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A personality trait is a tendency to buy 60 caps brahmi with mastercard medications ending in pam feel brahmi 60caps medications restless leg syndrome, perceive generic 60 caps brahmi mastercard medications pregnancy, behave order brahmi 60caps with visa medicine overdose, and think in relatively consistent ways across time and across situations in which the trait may manifest. For example, individuals with a high level of the personality trait of anxiousness would tend to feel anxious readily, including in circumstances in which most people would be calm and relaxed. Individuals high in trait anxiousness also would perceive sit­ uations to be anxiety-provoking more frequently than would individuals with lower lev­ els of this trait, and those high in the trait would tend to behave so as to avoid situations that they think would make them anxious. They would thereby tend to think about the world as more anxiety provoking than other people. Importantly, individuals high in trait anxiousness would not necessarily be anxious at all times and in all situations. All individuals can be located on the spectrum of trait dimensions; that is, personality traits apply to everyone in different degrees rather than being present versus absent. For ex­ ample, the opposite of the trait of callousness is the tendency to be empathie and kind hearted, even in circumstances in w^hich most persons would not feel that way. More­ over, its opposite pole can be recognized and may not be adaptive in all circumstances. Broad trait dimensions are called domains, and specific trait dimensions are calledfacets. Personality trait domains comprise a spectrum of more specific personalityfacets that tend to occur together. For ex­ ample, withdrawal and anhedonia are specific traitfacets in the trait domain of Detachment. Despite some cross-cultural variation in personality trait facets, the broad domains they collectively comprise are relatively consistent across cultures. The specific 25 facets represent a list of personality facets chosen for their clinical relevance. Although the Trait Model focuses on personality traits associated with psychopathol­ ogy, there are healthy, adaptive, and resilient personality traits identified as the polar opposites of these traits, as noted in the parentheses above. Emotional Stability, Ex­ traversion, Agreeableness, Conscientiousness, and Lucidity). Their presence can greatly mitigate the effects of mental disorders and facilitate coping and recovery from traumatic injuries and other medical illness. Distinguishing Traits, Symptoms, and Specific Behaviors Although traits are by no means immutable and do change throughout the life span, they show relative consistency compared with symptoms and specific behaviors. For example, a person may behave impulsively at a specific time for a specific reason. Nevertheless, it is important to recognize, for example, that even people who are impulsive are not acting impulsively all of the time. A trait is a tendency or disposition toward specific behaviors; a specific behav­ ior is an instance or manifestation of a trait. Similarly, traits are distinguished from most symptoms because symptoms tend to wax and wane, whereas traits are relatively more stable. For example, individuals with higher levels of depressivity have a greater likelihood of experiencing discrete episodes of a depressive disorder and of showing the symptoms of these disorders, such difficulty con­ centrating. However, even patients who have a trait propensity to depressivity typically cy­ cle through distinguishable episodes of mood disturbance, and specific symptoms such as difficulty concentrating tend to wax and wane in concert with specific episodes, so they do not form part of the trait definition. Importantly, however, symptoms and traits are both amenable to intervention, and many interventions targeted at symptoms can affect the longer term patterns of personality functioning that are captured by personality traits. The clinical approach to personality is similar to the well-known review of systems in clinical medicine. This systematic review is facilitated by the use of formal psychometric instruments designed to measure specific facets and do­ mains of personality. A detailed clinical assessment would involve collection of both patient and in­ formant-report data on all 25 facets of the personality trait model. However, if this is not possible, due to time or other constraints, assessment focused at the five-domain level is an acceptable clinical option when only a general (vs. Clinical U tility of the M ultidim ensional Personality Functioning and T rait Model Disorder and trait constructs each add value to the other in predicting important anteced­ ent. Therefore, assessment of personality functioning and pathological personality traits may be relevant whether an individual has a personality disorder or not. Emotional lability Instability of emotional experiences and mood; emotions that are easily aroused, intense, and/or out of proportion to events and cir­ cumstances. Anxiousness Feelings of nervousness, tenseness, or panic in reaction to diverse situa­ tions; frequent worry about the negative effects of past unpleasant experiences and future negative possibilities; feeling fearful and apprehensive about uncertainty; expecting the worst to happen. Hostility Persistent or frequent angry feelings; anger or irritability in response to minor slights and insults; mean, nasty, or vengeful behavior. Perseveration Persistence at tasks or in a particular way of doing things long after the behavior has ceased to be functional or effective; continuance of the same behavior despite repeated failures or clear reasons for stopping. Restricted affectivity the lack o/this facet characterizes low levels of Negative Affectivity. Extraversion) from interpersonal interactions (ranging from casual, daily interac­ tions to friendships to intimate relationships) and restricted affective experience and expression, particularly limited hedonic capacity. Withdrawal Preference for being alone to being with others; reticence in social sit­ uations; avoidance of social contacts and activity; lack of initiation of social contact. Intimacy avoidance Avoidance of close or romantic relationships, interpersonal attach­ ments, and intimate sexual relationships. Depressivity Feelings of being down, nuserable, and/or hopeless; difficulty recov­ ering from such moods; pessimism about the future; pervasive shame and/or guilt; feelings of inferior self-worth; thoughts of sui­ cide and suicidal behavior. Restricted affectivity Little reaction to emotionally arousing situations; constricted emo­ tional experience and expression; indifference and aloofness in nor­ matively engaging situations. Suspiciousness Expectations of—and sensitivity to—signs of inte ersonal ill intent or harm; doubts about loyalty and fidelity of others; feelings of being mistreated, used, and/or persecuted by others. Deceitfulness Dishonesty and fraudulence; misrepresentation of self; embellish­ ment or fabrication when relating events.

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Children with autistic spectrum disorder will only rarely have a history of social neglect purchase 60 caps brahmi with visa sewage treatment. The restricted interests and repetitive behaviors characteristic of autism spectrum disorder are not a feature of reactive attachment disorder brahmi 60 caps discount treatment 3rd degree burns. These clinical features manifest as excessive adherence to order 60 caps brahmi free shipping medications vs medicine rituals and routines; restricted generic brahmi 60 caps on-line treatment alternatives, fixated interests; and unusual sensory reactions. However, it is important to note that children with either con­ dition can exhibit stereotypic behaviors such as rocking or flapping. Children with either disorder also may exhibit a range of intellectual functioning, but only children with autis tic spectrum disorder exhibit selective impairments in social communicative behaviors, such as intentional communication. Children with reac­ tive attachment disorder show social communicative functioning comparable to their overall level of intellectual functioning. Finally, children with autistic spectrum disorder regularly show attachment behavior typical for their developmental level. In contrast, children with reactive attachment disorder do so only rarely or inconsistently, if at all. Developmental delays of­ ten accompany reactive attachment disorder, but they should not be confused with the disorder. Children with intellectual disability should exhibit social and emotional skills comparable to their cognitive skills and do not demonstrate the profound reduction in positive affect and emotion regulation difficulties evident in children with reactive attach­ ment disorder. In addition, developmentally delayed children who have reached a cogni­ tive age of 7-9 months should demonstrate selective attachments regardless of their chronological age. In contrast, children with reactive attachment disorder show lack of preferred attachment despite having attained a developmental age of at least 9 months. Depression in young children is also associated with reductions in positive affect. There is limited evidence, however, to suggest that children with depres­ sive disorders have impairments in attachment. That is, young children who have been di­ agnosed with depressive disorders still should seek and respond to comforting efforts by caregivers. Comorbidity Conditions associated with neglect, including cognitive delays, language delays, and ste­ reotypies, often co-occur with reactive attachment disorder. Medical conditions, such as severe malnutrition, may accompany signs of the disorder. A pattern of behavior in which a child actively approaches and interacts with unfamiliar adults and exhibits at least two of the following: 1. Reduced or absent reticence in approaching and interacting with unfamiliar adults. Overly familiar verbal or physical behavior (that is not consistent with culturally sanctioned and with age-appropriate social boundaries). Diminished or absent checking back with adult caregiver after venturing away, even in unfamiliar settings. The behaviors in Criterion A are not limited to impulsivity (as in attention-deficit/hyper activity disorder) but include socially disinhiblted behavior. Social neglect or deprivation in the form of persistent lack of having basic emotional needs for comfort, stimulation, and affection met by caregiving adults. Specify current severity: Disinhibited social engagement disorder is specified as severe when the child exhibits all symptoms of the disorder, with each symptom manifesting at relatively high levels. Diagnostic Features the essential feature of disinhibited social engagement disorder is a pattern of behavior that involves culturally inappropriate, overly familiar behavior with relative strangers (Criterion A). A diagnosis of disinhibited social engagement disorder should not be made before children are developmentally able to form selective attachments. Associated Features Supporting Diagnosis Because of the shared etiological association with social neglect, disinhibited social en­ gagement disorder may co-occur with developmental delays, especially cognitive and lan­ guage delays, stereotypies, and other signs of severe neglect, such as malnutrition or poor care. However, signs of the disorder often persist even after these other signs of neglect are no longer present. Therefore, it is not uncommon for children with the disorder to present with no current signs of neglect. Moreover, the condition can present in children who show no signs of disordered attachment. Thus, disinhibited social engagement disorder may be seen in children with a history of neglect who lack attachments or whose attach­ ments to their caregivers range from disturbed to secure. Nevertheless, the disorder appears to be rare, occurring in a minority of children, even those who have been severely neglected and subsequently placed in foster care or raised in institutions. In such high-risk populations, the condition occurs in only about 20% of children. Deveiopment and Course Conditions of social neglect are often present in the first months of life in children diag­ nosed with disinhibited social engagement disorder, even before the disorder is diag­ nosed. However, there is no evidence that neglect beginning after age 2 years is associated with manifestations of the disorder. If neglect occurs early and signs of the disorder appear, clinical features of the disorder are moderately stable over time, particularly if conditions of neglect persist. Indiscriminate social behavior and lack of reticence with un­ familiar adults in toddlerhood are accompanied by attention-seeking behaviors in pre­ schoolers. When the disorder persists into middle childhood, clinical features manifest as verbal and physical overfamiliarity as well as inauthentic expression of emotions. Peer relationships are most affected in adolescence, with both indiscriminate behavior and conflicts appar­ ent.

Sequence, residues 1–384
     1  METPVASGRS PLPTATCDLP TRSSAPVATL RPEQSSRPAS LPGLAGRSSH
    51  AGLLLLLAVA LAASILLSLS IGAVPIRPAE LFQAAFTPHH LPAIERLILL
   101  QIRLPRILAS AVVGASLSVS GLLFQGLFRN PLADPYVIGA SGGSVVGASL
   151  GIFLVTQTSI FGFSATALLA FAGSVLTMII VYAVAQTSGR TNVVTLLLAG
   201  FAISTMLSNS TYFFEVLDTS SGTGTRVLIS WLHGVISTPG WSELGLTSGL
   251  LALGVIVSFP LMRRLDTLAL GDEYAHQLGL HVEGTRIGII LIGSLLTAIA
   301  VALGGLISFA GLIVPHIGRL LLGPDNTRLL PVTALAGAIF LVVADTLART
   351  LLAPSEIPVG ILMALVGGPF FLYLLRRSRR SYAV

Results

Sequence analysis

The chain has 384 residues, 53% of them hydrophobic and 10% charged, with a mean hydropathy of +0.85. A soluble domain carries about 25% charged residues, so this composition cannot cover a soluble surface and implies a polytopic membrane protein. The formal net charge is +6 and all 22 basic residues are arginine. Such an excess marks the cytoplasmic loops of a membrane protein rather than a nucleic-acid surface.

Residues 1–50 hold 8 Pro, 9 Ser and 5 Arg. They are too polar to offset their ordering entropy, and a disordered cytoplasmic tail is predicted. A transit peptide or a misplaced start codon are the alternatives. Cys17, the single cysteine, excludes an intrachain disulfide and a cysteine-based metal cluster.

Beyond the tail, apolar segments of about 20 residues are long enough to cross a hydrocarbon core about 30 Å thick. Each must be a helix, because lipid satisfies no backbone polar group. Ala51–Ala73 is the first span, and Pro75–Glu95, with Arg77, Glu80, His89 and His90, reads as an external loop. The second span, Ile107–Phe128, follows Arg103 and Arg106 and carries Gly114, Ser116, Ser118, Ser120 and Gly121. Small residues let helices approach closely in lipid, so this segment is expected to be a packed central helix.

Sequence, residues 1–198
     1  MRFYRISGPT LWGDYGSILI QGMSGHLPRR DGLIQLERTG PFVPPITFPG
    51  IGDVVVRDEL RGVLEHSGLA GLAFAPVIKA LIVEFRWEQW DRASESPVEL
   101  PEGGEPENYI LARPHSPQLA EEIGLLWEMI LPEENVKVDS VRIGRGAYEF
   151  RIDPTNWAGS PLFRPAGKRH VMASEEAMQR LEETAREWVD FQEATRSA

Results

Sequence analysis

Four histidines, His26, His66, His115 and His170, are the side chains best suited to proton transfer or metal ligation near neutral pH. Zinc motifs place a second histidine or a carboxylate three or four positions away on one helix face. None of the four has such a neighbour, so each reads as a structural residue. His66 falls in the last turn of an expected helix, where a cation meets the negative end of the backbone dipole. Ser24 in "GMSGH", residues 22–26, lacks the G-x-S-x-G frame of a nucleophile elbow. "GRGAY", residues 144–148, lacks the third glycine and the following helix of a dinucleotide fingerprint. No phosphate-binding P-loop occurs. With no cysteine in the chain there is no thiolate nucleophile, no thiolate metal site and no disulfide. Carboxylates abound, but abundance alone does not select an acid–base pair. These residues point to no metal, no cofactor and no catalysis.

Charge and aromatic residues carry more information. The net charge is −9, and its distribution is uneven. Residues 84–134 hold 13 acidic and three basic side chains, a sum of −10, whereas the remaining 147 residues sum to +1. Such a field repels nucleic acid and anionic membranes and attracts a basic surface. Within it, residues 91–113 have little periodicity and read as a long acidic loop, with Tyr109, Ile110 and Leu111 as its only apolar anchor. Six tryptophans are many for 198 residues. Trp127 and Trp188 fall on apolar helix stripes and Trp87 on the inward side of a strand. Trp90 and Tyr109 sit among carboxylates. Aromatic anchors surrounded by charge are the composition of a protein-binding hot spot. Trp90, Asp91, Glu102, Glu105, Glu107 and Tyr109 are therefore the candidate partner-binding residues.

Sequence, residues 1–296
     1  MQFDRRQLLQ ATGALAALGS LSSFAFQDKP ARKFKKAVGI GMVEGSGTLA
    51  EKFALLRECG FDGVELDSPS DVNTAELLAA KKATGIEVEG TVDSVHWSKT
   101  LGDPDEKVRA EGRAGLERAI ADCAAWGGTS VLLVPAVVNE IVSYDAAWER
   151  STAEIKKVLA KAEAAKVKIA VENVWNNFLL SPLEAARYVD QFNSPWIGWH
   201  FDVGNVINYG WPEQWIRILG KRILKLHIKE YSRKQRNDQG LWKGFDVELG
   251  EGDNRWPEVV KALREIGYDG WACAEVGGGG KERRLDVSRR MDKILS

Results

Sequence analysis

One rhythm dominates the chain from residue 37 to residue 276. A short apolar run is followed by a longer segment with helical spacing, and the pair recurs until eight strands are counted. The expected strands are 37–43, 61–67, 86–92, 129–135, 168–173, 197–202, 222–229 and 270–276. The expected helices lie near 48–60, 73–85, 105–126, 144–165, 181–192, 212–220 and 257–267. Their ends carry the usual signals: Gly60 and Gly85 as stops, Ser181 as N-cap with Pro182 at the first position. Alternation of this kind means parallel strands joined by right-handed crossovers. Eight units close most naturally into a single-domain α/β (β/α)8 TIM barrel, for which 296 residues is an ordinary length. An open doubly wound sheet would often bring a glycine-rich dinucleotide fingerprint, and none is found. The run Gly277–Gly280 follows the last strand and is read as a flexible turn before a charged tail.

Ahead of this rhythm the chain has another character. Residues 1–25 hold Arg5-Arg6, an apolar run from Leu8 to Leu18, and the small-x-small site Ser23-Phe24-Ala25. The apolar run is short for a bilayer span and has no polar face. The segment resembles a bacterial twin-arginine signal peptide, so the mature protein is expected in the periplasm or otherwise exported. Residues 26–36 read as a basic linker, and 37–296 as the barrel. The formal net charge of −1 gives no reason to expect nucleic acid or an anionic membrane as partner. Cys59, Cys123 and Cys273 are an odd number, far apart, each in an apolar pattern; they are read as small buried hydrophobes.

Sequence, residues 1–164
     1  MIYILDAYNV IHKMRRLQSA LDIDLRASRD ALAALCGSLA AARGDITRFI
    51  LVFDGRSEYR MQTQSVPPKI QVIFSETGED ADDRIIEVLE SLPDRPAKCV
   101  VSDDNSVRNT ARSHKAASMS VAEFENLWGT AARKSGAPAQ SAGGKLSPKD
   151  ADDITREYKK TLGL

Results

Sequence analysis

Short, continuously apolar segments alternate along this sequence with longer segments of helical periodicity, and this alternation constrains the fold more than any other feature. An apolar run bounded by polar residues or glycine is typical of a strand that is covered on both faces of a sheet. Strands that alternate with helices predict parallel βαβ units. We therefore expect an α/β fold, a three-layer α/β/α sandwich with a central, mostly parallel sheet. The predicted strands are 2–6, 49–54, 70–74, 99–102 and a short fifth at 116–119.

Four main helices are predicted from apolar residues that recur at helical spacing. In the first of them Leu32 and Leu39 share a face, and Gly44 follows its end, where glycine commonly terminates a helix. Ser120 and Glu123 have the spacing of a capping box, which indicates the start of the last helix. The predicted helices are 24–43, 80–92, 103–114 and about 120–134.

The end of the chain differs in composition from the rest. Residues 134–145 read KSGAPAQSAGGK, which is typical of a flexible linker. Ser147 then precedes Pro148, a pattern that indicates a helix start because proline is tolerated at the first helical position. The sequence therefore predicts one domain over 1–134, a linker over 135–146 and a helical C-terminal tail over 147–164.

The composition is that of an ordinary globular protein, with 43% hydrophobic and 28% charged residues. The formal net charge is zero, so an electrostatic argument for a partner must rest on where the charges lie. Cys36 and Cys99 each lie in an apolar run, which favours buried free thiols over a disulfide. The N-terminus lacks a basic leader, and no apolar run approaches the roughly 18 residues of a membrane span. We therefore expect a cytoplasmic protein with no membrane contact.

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This friend is sweating profusely and describes a terrifying dream where he was stabbed by a surgeon who pimped him extensively 2 weeks ago buy cheap brahmi 60caps treatment 4s syndrome. The med student questions his friend the next morning who flatly denies any sort of screaming episode order brahmi 60 caps otc medicine hunter. He has been caught snoring multiple times by the supervising resident and attending discount brahmi 60 caps without a prescription treatment cervical cancer. He has been making mistakes on the job and no longer enjoys activities he previously enjoyed-Shift Work Sleep Disorder generic brahmi 60 caps without prescription medications narcolepsy. A 27 yo F is given a warning letter for the 4th episode of lateness since beginning a new job 4 days ago. This friend is sweating profusely and describes a terrifying dream where he was stabbed by a surgeon who pimped him extensively 2 weeks ago-Nightmare disorder. The med student questions his friend the next morning who flatly denies any sort of screaming episode-this is sleep terror disorder (patient does not remember, occurs during stages N3/4 of sleep which are associated with delta waves. Other meds here include Ramelteon (melatonin receptor agonist) and Suvorexant (orexin receptor antagonist). You should find Lewy bodies (alpha synuclein only in the substantia nigra, contrast with Lewy Body Dementia where Lewy bodies are in the cortex and substantia nigra). It is an antihistamine that also has powerful serotonin receptor blocking activity. Treatment options include desmopressin (caution with hyponatremic seizures) and imipramine. Swear words are well suited to express emotion as their pri mary meanings are connotative. The emotional impact of swearing depends on one’s experience with a culture and its language conventions. A cognitive psychological framework is used to account for swearing in a variety of contexts and provide a link to impoliteness research. In support of this framework, native and non-native English-speaking college students rated the offensiveness and likelihood of hypothetical scenarios involving taboo words. The ratings demonstrated that appropriateness of swearing is highly contextually variable, dependent on speaker-listener relationship, social physical context, and particular word used. Additionally, offensiveness rat ings were shown to depend on gender (for native speakers) and English experience (for non-native speakers). Collectively these data support the idea that it takes time for speakers to learn where, when, and with whom swearing is appropriate. Keywords: swearing, rudeness, taboo words, profanity, verbal aggression, impoliteness 1. The pragmatics of swearing1 the aim of this research is to develop a cognitive psychological frame work to explain how swearing varies as a function of communication context. The goal of cognitive psychology is to examine our higher men tal processes such as memory, language, problem solving, attention, deci sion making, and reasoning in order to explain how we think and behave in a variety of situations. Swearing is a topic that is most amenable to study in natural settings, but laboratory studies offer more control over variables of interest. The focus of the present research is to examine how people attend to contextual variables such as speaker-listener relationship and social physical setting in the process of swearing. We believe that people learn to judge when, where, and with whom it is appropriate to swear, or where swearing would be offensive. Offensiveness judgments provide the basis for determining the extent to which speech is rude or impolite. Our work is also informed by research on linguistic impoliteness, particularly as we describe native-non-native speaker disparity in the perception of the offensiveness and likelihood of swearing. In this paper, we describe factors that influence the likelihood and offensiveness of swearing, as well as the relationship between swearing and politeness research. We believe that swearing is not necessarily impo lite, inasmuch as offensive language is often used within the boundaries of what is considered situationally appropriate in discourse; further, some instances of swearing are neither polite nor impolite. Furthermore, we consider that one’s experience with a language influences likelihood and offensiveness judgments about swearing. We present data that sup port the context-dependence of one’s perception of the inappropriateness of swearing, both in terms of situational variables. We believe that language experience influences likelihood and offensiveness judgments about swearing. Fluent speakers, relative to those who are less familiar with a language, should have a broader and more flexible knowledge of the ways in which swearing can be construed as polite or impolite. Swearing and (im)politeness Swearing is the use of taboo language with the purpose of expressing the speaker’s emotional state and communicating that information to listen ers (see Jay 1992, 2000). In contrast to most other speech, swearing is primarily meant to convey connotative or emotional meaning; the mean ings of the words themselves are primarily construed as connotative (Jay and Danks 1977). As constructed in popular news media, swearing is superficially understood, masking its deeper and more complex com municative function. Field studies of swearing (Jay 1992, 2000; Jay and Janschewitz 2006) have demonstrated that swearing in public is not an infrequent act, and most instances of swearing are conversational; they are not highly emotional, confrontational, rude, or aggressive. Through thousands of incidents of recorded swearing, we have never witnessed the pragmatics of swearing 269 any form of physical aggression as a consequence of swearing. From what we have observed, we argue that swearing can be polite, impolite, or neither and it may be used with any emotional state. A common problem for impoliteness, rudeness, and swearing research is that all three phenomena are impossible to define universally because all are culturally and personally determined. Classic approaches to po liteness (Brown and Levinson 1987 [1978]) frame interpersonal com munication as situations in which a speaker’s motivation is to promote social harmony and to avoid threatening the face (Goffman 1967) of a listener through behaviors such as swearing. These approaches do not necessitate an exploration of the vicissitudes of swearing. However, more recent approaches to politeness that encompass impoliteness and rude ness (Thomas 1983; Arndt and Janney 1985; Lakoff 1989; Kasper 1990; Beebe 1995; Culpeper 1996; Culpeper et al.